In their pitch for lead scoring, salespeople will name dozens of reasons why its adoption is crucial for your business. But you know that the proof is in the pudding. So let’s see what those already using it have to say. What benefits have they really gained? Which exceeded their expectations and which fell short?
We have tried to verify the real business impact of lead scoring by surveying those who already use it on their websites.
We asked website owners currently employing lead scoring what the main benefits gained were, and we compared them to their expectations.
- 42 percent named measurable ROI on their lead generation program as a main benefit. This benefit exceeded expectations with only 32 percent of adopters expecting measurable ROI.
- 38 percent named increased conversion rates of qualified leads to opportunities. Once again exceeding expectations, as only 32 percent of adopters expected this benefit.
- 31 percent named increased sales productivity and effectiveness. With only 28 percent of adopters expecting this benefit, this too exceeded expectations.
- 27 percent named shortened sales cycle -- something that 30 percent of adopters were expecting.
- 27 percent named better forecast and pipeline visibility -- expected by 32 percent of adopters.
- 19 percent named the better alignment of marketing and sales efforts -- a benefit expected by 22 percent of adopters.
The primary use of lead scoring is to identify leads with the highest sales readiness. However the survey showed that lead scoring is very often used together with related marketing tools to enable advanced marketing scenarios.
Current adopters use lead scoring with:
- 86 percent -- Marketing Automation
- 79 percent -- Integration with CRM, such as Salesforce
- 71 percent -- Email Marketing
- 64 percent -- Content Personalization and Segmentation
- 36 percent -- Business directory/database such as Data.com to gather more details on leads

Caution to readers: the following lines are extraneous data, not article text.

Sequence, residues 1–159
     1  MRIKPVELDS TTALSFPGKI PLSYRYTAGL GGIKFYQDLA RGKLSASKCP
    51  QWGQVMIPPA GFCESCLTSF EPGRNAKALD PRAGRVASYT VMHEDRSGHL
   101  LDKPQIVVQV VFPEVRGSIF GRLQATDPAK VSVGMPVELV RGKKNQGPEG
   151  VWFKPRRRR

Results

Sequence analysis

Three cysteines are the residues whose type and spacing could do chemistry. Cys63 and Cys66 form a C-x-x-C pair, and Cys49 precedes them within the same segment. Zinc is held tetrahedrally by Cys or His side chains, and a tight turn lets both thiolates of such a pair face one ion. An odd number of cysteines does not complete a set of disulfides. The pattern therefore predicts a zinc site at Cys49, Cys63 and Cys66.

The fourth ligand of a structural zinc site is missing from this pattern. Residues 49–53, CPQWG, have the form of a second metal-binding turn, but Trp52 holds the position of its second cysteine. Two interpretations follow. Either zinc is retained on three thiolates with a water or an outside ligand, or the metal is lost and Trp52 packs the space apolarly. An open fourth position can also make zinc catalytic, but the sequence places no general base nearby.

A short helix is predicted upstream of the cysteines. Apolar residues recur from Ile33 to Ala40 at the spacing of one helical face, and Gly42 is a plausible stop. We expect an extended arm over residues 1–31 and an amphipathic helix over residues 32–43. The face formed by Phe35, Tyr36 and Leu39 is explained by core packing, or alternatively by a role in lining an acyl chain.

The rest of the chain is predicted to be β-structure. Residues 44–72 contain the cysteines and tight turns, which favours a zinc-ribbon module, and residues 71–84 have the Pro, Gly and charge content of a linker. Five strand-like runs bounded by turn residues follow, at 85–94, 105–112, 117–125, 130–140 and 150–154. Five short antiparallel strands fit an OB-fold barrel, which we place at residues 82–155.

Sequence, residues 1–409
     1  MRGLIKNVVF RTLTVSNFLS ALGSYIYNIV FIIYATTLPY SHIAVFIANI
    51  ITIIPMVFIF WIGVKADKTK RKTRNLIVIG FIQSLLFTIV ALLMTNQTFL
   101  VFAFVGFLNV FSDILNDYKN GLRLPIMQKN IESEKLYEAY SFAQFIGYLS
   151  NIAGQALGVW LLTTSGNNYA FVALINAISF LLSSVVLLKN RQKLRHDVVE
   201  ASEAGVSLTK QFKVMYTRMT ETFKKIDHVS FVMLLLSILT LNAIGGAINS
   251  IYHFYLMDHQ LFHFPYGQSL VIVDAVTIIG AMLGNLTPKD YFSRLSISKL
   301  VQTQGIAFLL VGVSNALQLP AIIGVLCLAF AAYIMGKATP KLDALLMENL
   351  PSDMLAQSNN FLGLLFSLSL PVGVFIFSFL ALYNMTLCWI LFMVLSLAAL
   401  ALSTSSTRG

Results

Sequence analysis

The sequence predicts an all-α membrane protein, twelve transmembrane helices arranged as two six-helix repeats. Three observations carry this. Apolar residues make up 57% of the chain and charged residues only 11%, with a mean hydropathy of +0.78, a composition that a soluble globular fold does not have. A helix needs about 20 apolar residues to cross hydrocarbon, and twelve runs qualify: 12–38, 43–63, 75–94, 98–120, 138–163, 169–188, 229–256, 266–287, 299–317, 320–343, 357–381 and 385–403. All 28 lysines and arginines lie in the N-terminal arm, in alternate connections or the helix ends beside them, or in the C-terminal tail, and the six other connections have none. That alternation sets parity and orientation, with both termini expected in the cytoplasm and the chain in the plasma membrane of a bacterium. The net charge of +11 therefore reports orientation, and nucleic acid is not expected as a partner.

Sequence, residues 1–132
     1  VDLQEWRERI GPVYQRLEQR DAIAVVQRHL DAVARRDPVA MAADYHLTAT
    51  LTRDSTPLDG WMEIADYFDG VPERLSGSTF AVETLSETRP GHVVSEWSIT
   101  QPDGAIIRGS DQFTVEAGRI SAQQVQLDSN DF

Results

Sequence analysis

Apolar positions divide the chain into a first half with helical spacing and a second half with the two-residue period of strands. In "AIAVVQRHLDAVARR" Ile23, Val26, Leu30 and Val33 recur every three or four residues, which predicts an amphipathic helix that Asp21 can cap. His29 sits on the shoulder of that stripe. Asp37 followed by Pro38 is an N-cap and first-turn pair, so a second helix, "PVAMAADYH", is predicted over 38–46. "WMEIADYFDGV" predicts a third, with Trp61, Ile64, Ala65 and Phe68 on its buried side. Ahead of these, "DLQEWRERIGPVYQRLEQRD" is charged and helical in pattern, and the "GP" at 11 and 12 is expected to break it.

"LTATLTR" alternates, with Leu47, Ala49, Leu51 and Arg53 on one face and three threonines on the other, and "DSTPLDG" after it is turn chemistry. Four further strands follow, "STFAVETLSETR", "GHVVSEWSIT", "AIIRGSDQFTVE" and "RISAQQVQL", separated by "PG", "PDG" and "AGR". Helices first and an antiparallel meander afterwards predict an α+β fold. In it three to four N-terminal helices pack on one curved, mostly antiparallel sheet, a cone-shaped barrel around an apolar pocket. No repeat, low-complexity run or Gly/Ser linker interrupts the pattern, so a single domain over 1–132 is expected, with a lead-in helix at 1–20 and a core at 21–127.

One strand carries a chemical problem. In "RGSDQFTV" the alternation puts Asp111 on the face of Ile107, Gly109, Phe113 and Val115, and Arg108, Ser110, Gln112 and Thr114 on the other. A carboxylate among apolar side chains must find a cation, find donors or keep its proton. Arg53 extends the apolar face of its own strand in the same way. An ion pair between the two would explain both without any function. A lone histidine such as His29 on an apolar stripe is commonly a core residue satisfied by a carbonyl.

These results show why having your lead scoring tool fully integrated or as a built-in part of your marketing solution enables highly connected and sophisticated digital marketing activities. Fifty-six percent of our adopters implemented lead scoring using the built-in lead scoring capabilities of their CMS or CXM on which their website is built. Thirty-six percent chose a standalone product, and then integrated it with their website. And just 8 percent used a bespoke solution.
After a deeper look, we saw that the majority of adopters (48 percent) used two-dimensional lead scoring (combining visitor engagement with data profile) to measure sales readiness. Sixteen percent of businesses benefited from having more than two dimensions, while 36 percent got along with just one scale. As for number of rules used, 73 percent of adopters used fewer than 30 rules, 19 being the median of lead scoring rules used.
A company’s rules and points systems is usually kept under lock and key, but here is a complete and effective working list of rules employed by one company: Lead Scoring Rules for B2B Companies.
Being an early adopter is always a great thing, but being able to learn from the mistakes others have made is even better! Read and learn from The 5 Most Common Lead Scoring Mistakes.
Title image by Olivier Le Moal (Shutterstock)